Michael Wolff, Jazz Pianist, and the Art of the Ballad

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Jazz pianist Michael Wolff put out a two years ago called “Joe’s Strut”.  The Joe is Joe Zawinul, a Viennese pianist who was admired by Miles Davis (Joe once turned his invite down to join the band), and who co-founded Weather Report, the most unusual jazz band of the 70s and 80s.

I first saw Michael at the Hollywood Bowl years ago, when he was Nancy Wilson’s Musical Director and pianist.  He looked like he was about 18 years old; maybe he was.

Wolff is a pianistic treasure.  He is a virtuoso musician who has clearly paid his dues.  He can play fast, but never weighs down his music with too many notes (a busy-ness that Miles Davis and Thelonious Monk could never forgive in Oscar Peterson’s music).

But with ballads it gets even more special.  On Joe’s Strut he renders “Come Rain or Come Shine” with nuance, sparkle, and depth.   This is why jazz music has always excited me musically.  A musician like Wolff can take this jazz warhorse and paint it with brand new colors, refreshing its contours, making it interesting even though you’ve heard a hundred other versions.  As an amateur jazz musician trying to improve my reading skills and improvise better,  I am moved and humbled by such artistry.  It is timeless and I am forever grateful.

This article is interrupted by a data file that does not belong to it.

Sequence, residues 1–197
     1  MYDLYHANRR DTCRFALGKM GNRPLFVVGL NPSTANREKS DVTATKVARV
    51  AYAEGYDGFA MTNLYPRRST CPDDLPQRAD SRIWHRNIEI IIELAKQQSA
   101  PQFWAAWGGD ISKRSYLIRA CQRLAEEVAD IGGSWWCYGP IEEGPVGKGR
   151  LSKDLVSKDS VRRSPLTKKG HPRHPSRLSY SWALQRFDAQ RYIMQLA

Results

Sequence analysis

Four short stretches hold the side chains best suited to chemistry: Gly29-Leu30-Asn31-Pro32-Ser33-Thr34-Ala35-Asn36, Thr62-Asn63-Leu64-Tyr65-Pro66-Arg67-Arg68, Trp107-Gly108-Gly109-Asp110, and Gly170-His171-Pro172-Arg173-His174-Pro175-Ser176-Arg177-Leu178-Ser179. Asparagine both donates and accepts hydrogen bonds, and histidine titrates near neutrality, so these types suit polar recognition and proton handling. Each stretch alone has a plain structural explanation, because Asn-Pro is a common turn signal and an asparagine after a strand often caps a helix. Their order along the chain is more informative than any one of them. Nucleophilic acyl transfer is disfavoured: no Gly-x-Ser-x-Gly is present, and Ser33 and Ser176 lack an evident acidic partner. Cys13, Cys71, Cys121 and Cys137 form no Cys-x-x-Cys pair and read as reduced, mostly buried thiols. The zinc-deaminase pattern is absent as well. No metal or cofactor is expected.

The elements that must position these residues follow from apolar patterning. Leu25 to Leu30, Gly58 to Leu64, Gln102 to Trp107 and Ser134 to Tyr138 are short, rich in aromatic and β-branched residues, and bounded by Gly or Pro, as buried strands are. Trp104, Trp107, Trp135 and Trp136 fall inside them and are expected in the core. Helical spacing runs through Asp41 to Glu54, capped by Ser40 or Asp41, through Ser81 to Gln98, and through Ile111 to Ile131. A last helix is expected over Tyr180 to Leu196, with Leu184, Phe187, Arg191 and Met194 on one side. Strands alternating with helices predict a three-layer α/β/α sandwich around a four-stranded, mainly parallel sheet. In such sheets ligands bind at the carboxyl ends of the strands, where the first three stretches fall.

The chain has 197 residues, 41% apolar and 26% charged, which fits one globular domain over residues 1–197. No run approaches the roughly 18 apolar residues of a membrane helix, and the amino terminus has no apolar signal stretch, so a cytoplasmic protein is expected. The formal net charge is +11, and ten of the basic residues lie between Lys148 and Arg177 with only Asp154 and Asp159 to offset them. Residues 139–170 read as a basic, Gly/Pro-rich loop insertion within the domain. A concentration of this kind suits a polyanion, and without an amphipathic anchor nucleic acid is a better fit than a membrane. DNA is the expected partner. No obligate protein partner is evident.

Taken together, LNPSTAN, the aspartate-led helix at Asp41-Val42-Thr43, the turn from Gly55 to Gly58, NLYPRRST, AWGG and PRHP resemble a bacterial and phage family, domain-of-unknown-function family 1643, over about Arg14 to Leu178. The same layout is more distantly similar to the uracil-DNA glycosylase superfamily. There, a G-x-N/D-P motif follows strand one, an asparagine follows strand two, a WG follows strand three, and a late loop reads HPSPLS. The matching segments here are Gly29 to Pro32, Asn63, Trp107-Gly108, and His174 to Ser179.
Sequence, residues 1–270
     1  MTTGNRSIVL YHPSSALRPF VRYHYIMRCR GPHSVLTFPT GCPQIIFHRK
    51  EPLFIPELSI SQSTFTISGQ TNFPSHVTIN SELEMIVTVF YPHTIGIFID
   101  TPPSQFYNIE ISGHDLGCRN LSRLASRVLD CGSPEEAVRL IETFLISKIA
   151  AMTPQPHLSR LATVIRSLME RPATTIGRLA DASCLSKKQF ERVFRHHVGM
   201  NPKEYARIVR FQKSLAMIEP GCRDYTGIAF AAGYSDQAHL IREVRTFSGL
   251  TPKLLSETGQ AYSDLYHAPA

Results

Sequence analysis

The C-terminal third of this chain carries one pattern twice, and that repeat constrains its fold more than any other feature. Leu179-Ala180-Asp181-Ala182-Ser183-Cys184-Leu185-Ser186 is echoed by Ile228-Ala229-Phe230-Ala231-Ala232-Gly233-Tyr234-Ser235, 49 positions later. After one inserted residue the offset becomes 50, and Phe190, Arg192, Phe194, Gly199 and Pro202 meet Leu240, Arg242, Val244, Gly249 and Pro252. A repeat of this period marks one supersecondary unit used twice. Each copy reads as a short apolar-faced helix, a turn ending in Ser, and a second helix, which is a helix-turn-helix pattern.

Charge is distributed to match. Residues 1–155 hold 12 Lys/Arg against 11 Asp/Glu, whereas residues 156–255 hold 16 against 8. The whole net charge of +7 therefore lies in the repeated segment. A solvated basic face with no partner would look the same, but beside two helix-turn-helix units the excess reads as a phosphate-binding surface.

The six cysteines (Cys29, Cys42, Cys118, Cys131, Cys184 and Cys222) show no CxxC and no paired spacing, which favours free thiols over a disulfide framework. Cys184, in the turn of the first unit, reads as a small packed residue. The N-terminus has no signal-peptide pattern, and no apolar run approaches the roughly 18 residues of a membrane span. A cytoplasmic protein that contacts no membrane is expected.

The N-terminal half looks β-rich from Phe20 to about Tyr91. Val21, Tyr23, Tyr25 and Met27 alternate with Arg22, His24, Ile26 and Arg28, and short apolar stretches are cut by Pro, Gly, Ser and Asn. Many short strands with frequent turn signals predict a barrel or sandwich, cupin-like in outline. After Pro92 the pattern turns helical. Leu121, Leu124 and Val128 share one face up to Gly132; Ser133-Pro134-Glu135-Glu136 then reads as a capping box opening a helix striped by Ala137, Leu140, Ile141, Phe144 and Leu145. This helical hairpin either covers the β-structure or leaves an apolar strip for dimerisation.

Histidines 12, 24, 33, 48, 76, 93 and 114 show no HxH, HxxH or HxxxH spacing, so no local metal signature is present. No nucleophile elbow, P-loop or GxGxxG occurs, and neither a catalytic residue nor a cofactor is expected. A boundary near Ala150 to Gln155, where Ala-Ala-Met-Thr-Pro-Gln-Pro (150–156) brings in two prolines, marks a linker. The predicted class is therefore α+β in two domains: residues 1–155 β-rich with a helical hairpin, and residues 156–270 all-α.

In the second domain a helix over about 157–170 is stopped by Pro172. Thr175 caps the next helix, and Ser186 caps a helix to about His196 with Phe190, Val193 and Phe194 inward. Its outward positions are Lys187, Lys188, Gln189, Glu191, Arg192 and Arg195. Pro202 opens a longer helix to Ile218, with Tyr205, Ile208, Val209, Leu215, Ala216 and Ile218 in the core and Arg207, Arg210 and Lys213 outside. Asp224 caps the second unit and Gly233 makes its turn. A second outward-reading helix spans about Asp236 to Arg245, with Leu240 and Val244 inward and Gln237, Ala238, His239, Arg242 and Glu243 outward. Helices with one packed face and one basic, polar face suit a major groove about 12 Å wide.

Michael Wolff will be playing in LA at Vitello’s Jazz and Supper Club on August 30th and 31st, with Mark Isham playing trumpet in a rare club appearance, along with John B. Williams (Michael’s alumni from the Nancy Wilson days), and Mike Clark on drums.  I’ll be there for sure.